Thomas Mullen's first novel, The Last Town on Earth, is set in a period of American history that its writers have largely neglected, a time when the country was fighting both World War I and the great Spanish flu pandemic. Amidst the turmoil caused by war and illness, the country was also struggling to settle the conflicts inherent in a capitalistic system facing a strong push from the growing organized labor movement.
In Mullen's novel, Commonwealth, a somewhat Utopian logging community deep in the woods of the Pacific Northwest, was created by a mill owner who was fed up with the way that his family treated the workers at their own lumber mill. Breaking with his family, he built an entire community based on the equality of all of its citizens, even to building identical homes for everyone living and working there. Because the lumber industry was considered critical to the war effort, his workers were routinely exempted from military service immediately following their "enlistments." In fact, because of new contracts with the federal government, the community of Commonwealth thrived until mill owner Charles Worthy reached a fateful conclusion about the flu threat.
Worthy felt a tremendous loyalty to his town and to those who had joined him in creating something so special, and he wanted desperately to protect them from the approaching flu epidemic. Despite the relative isolation of the community he knew that it was just a matter of time before the epidemic found them. In a town hall vote, the citizens of Commonwealth decided to quarantine the town, cutting themselves off from contact with the outside world and even placing armed guards at the only entrance into the town. But when two soldiers wander out of the forest on separate occasions seeking food and shelter, decisions are made that result in tragic consequences for Commonwealth and everyone living behind its barriers.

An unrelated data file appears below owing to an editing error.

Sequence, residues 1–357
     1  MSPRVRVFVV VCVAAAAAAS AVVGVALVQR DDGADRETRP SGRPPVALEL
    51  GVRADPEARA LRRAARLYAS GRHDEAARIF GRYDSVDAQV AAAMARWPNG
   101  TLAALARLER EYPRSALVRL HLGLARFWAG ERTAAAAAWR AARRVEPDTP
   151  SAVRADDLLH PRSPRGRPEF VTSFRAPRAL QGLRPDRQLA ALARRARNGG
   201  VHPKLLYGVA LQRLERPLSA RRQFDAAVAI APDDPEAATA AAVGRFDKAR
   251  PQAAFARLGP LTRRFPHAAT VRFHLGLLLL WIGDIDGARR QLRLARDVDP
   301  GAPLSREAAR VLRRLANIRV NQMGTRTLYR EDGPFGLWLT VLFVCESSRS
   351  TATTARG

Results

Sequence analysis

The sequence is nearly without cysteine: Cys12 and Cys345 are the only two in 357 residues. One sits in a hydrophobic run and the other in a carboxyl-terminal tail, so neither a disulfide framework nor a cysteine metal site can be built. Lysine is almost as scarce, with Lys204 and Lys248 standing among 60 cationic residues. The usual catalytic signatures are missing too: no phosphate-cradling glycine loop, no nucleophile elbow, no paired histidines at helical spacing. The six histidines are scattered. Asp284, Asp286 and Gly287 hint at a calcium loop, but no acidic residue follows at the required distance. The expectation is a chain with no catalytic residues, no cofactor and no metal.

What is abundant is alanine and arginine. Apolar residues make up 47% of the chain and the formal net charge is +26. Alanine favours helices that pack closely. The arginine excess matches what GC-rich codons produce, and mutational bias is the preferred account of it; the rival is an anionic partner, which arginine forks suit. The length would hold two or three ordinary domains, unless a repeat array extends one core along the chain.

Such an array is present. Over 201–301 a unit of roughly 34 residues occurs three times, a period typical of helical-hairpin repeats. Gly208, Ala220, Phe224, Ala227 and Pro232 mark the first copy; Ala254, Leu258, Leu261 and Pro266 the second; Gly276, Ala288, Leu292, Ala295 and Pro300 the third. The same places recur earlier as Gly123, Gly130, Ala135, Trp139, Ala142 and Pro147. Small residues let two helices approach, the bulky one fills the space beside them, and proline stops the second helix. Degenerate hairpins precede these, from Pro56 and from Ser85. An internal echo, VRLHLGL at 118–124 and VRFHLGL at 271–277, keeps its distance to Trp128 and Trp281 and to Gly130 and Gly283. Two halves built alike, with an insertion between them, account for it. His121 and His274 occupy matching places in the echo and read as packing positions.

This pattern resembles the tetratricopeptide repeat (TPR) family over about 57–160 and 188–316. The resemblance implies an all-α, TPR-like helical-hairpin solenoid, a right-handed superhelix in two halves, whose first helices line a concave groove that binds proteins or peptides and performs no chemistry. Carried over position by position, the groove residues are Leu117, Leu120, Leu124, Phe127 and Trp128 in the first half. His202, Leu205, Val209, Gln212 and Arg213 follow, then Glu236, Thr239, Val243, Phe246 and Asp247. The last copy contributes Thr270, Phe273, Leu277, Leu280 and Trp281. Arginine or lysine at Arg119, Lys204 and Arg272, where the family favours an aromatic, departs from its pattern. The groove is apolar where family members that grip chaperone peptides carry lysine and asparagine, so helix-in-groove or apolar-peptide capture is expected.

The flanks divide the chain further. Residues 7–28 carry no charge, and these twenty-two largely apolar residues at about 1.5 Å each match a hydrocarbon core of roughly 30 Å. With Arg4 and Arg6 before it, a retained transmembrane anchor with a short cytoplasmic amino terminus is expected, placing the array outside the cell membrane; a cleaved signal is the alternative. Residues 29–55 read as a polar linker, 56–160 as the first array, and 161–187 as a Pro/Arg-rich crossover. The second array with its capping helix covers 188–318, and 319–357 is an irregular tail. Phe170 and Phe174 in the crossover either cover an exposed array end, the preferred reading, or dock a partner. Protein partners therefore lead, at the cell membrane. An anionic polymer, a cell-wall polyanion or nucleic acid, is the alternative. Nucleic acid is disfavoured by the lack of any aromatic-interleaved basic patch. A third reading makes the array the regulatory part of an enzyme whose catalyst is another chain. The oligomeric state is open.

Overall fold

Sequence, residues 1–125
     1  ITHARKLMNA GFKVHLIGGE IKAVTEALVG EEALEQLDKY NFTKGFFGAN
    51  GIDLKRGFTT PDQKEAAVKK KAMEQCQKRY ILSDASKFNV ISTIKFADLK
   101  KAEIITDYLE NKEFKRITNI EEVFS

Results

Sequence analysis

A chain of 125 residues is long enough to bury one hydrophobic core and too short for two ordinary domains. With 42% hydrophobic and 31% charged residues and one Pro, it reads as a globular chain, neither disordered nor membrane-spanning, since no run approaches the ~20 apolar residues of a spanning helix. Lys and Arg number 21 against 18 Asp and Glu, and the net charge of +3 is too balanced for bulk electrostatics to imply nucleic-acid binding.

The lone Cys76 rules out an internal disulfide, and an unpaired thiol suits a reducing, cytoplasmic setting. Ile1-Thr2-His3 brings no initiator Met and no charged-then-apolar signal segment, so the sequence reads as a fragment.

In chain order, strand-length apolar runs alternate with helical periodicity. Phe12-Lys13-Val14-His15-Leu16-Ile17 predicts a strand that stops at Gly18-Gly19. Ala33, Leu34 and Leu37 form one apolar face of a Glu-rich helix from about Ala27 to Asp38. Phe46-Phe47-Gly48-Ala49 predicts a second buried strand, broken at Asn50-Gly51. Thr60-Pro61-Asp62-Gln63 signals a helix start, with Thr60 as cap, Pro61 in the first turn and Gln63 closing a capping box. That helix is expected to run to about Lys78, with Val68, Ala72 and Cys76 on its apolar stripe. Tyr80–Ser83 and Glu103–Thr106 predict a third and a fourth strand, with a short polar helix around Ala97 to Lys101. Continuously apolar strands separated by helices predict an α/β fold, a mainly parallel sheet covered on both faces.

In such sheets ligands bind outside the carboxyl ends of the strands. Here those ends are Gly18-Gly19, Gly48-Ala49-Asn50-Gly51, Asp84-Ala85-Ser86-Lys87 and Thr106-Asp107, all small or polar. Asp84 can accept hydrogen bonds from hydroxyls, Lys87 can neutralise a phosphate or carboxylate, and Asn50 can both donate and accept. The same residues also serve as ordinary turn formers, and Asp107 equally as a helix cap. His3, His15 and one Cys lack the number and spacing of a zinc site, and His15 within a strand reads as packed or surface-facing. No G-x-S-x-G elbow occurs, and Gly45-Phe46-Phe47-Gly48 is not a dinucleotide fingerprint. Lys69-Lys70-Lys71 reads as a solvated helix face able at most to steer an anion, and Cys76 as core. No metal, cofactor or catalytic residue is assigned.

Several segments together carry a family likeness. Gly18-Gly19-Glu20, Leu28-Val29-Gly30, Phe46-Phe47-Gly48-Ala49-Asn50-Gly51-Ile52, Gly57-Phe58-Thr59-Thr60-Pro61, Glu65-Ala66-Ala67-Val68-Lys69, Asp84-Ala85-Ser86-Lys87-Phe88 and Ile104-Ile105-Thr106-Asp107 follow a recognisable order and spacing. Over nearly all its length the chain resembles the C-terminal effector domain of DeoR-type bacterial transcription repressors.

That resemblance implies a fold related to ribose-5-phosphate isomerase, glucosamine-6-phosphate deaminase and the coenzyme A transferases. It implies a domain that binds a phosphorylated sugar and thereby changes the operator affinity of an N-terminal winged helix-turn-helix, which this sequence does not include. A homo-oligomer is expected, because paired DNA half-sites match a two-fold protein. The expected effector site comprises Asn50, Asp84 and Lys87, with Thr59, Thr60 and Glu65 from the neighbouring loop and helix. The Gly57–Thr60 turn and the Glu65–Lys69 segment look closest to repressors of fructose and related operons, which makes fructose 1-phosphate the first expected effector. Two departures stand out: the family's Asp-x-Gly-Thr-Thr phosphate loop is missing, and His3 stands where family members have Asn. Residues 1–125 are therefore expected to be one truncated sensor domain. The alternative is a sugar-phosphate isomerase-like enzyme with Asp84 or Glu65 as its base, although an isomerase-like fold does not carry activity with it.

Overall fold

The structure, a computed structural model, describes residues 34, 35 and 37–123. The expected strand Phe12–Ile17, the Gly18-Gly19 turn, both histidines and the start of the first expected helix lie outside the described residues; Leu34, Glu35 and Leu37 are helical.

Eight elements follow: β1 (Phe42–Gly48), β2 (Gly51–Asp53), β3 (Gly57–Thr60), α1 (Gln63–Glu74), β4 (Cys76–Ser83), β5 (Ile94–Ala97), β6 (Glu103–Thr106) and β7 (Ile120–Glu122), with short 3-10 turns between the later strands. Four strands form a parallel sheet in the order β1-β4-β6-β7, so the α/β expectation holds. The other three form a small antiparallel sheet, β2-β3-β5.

The Last Town on Earth is a cautionary tale that draws, sometimes a little too obviously, on the parallels between the modern world and 1918 America. As in 1918, we face what has become an increasingly unpopular war that has split the country almost down the middle between those who support it and those who oppose it. We live with the imminent possibility that some version of the "bird flu" will strike the human population in a manner every bit as devastating to it as the way in which the Spanish flu epidemic tore it apart. Thomas Mullen tells the story of how those who came before us responded when faced with that combination of circumstances and choices, showing us what they did right and what they did wrong. He reminds us of the many lessons to be learned from history.
The audio version of the book, 13 discs and almost 16 hours long, was excellent. It was read by Henry Strozier, a professional actor who so consistently used different voices and cadences for each of the main characters that I was able to recognize them merely from the sound of his voice. His reading was almost conversational in style, never rushed or dryly presented, and his performance was a definite plus.
Rated at: 3.0